Does The Fairtax Hurt The Poor?
No It Doesn’t! - Check This Out!
No It Doesn’t! - Check This Out!
How often have you heard the canard “The FAIRtax is a sales tax; it hurts the poor”. Wouldn’t you like a quick comeback? Now you have one!
FAIRtax-er John Gaver, author of The Rich Don’t Pay Tax … Or Do They? (available on Amazon)
has come up with a remarkably simple-to-use spreadsheet focused on 1 question:
how does a minimum-wage earner make out in each state of the United States
under the Income-Tax and under The FAIRtax?
By clicking here you can download the spreadsheet
and here is a sample page for California.
As John goes from state to state, he adjusts for minimum wage and rent. Food and drink stay constant for the purpose of his analysis (John feeds the minimum wage earner 1 Tall Latte, 1 Happy Meal, 2 Cups O’Noodles each day).
Which system gives the minimum-wage earner more money after taxes and expenses? The FAIRtax every single time!
In California you will note John adds 30% to the cost of rent and food and drink to the “income-tax” prices in order to calculate the prices under The FAIRtax. John, out of an abundance of conservatism, disregards the pre-tax drops in The FAIRtax prices occurring due to removal of embedded tax costs and efficiencies from increased investment.
John points out the Earned Income-Tax Credit isn’t considered because in each state, the full-time minimum-wage worker earns just above the “EITC” cap.
Clothing is not considered because under The FAIRtax everyone has the option to buy used clothing tax free.
John’s calculator is more focused than the “KIS” - Keep It Simple calculator on our web page. The KIS calculator attempts more because it tries to show how everybody, not just minimum-wage earners, would make out under The FAIRtax.
The KIS calculator, like John’s spreadsheet, is also conservative because it assumes all funds earned are spent on taxable goods and services.
In fact, middle class people apply much of their earned funds to many non-taxable items, including local taxes, donations, tuition, savings-investment, used items, loan and mortgage repayments. These non-tax applications, which are sometimes hard to establish, would reduce the impact of The FAIRtax for any family.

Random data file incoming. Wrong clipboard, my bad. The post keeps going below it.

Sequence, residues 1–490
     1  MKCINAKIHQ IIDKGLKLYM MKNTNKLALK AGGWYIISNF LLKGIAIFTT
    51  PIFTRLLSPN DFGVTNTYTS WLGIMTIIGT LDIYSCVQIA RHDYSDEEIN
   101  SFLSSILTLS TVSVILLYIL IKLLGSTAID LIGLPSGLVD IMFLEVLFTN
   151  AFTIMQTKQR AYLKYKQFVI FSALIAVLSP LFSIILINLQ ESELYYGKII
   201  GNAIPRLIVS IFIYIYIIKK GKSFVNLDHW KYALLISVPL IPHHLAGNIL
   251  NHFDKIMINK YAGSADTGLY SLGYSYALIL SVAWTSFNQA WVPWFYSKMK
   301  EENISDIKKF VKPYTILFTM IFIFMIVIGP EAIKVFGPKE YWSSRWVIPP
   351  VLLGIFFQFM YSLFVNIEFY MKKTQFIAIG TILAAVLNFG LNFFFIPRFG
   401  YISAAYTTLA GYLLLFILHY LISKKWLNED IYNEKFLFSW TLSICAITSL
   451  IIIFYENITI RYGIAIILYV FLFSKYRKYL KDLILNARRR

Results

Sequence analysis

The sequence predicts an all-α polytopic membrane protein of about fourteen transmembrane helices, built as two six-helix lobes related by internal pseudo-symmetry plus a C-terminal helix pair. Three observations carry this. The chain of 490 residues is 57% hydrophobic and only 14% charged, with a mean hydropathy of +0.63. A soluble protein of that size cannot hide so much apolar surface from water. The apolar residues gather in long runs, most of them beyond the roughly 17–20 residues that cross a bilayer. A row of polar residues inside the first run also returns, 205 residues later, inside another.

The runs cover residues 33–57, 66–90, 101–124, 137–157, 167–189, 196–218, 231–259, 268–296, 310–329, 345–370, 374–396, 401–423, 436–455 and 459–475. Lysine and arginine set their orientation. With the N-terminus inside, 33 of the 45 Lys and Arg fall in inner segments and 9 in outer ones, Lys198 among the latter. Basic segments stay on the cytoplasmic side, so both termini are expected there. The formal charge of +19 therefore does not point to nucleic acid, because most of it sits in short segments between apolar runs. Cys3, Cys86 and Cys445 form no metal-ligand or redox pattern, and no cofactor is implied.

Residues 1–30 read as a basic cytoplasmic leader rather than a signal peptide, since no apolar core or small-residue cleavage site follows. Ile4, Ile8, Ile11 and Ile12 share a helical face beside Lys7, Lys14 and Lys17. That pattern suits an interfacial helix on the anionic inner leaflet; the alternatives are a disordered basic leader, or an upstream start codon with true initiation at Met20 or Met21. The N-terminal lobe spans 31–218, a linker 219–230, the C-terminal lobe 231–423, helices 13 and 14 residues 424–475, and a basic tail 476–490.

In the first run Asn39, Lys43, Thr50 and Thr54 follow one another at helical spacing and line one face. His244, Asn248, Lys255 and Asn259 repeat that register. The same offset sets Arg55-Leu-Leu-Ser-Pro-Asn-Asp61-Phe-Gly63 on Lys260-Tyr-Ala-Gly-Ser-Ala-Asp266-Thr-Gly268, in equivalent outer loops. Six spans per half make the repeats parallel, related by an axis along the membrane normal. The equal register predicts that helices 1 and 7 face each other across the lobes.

John credits his inspiration for developing his spreadsheet to California FAIRtax-er, Frank R. Wagener, whose pictures appear in Facebook with California State Director Marty Sturmer at university campuses all over the Bay Area.
We thank John Gaver for his contribution.
John Gaver born 1948, grew up in Corpus Christi, TX. After graduating from college, he held several IT executive positions. He later owned several successful businesses, including an import-export business and an IT consulting business.
He has traveled extensively in the U.S.A., Far East, Latin America, and Europe, living in London for a time.
He tried to retire at 50 years old, but found himself at loose ends. So he began taking occasional jobs as a title researcher, proving title ownership information for right-of-way acquisitions and drilling rights. This work helped him hone the research skill he uses in his political and economics writing.
Since the publication of his 1st, he has been a featured guest on numerous radio programs, including CNBC's - "Opening Bell", Israel National Radio's - "Tamar Yonah Show", was for a time, the "Tax & Economy Contributor" for the "Red, White & Lori" radio program, and has been a compensated presenter at a major U.S. political convention.
His presentation of economic issues crosses partisan boundaries and so he finds it easy to speak to groups of all political persuasions.
Call For Pictures & WriteUpsWe need more of you to send in pictures and news. If you have anything to share, please EMAIL your material to me, text me 908-578-4975, Fax me 908-598-2888.
When others see your activity, they are inspired, and the process snowballs. When the process snowballs, Representatives, Senators and, yes, even the President start to take notice and listen to Us.
Yours In Liberty,
AFFT Grassroots Coordinator & Secretary
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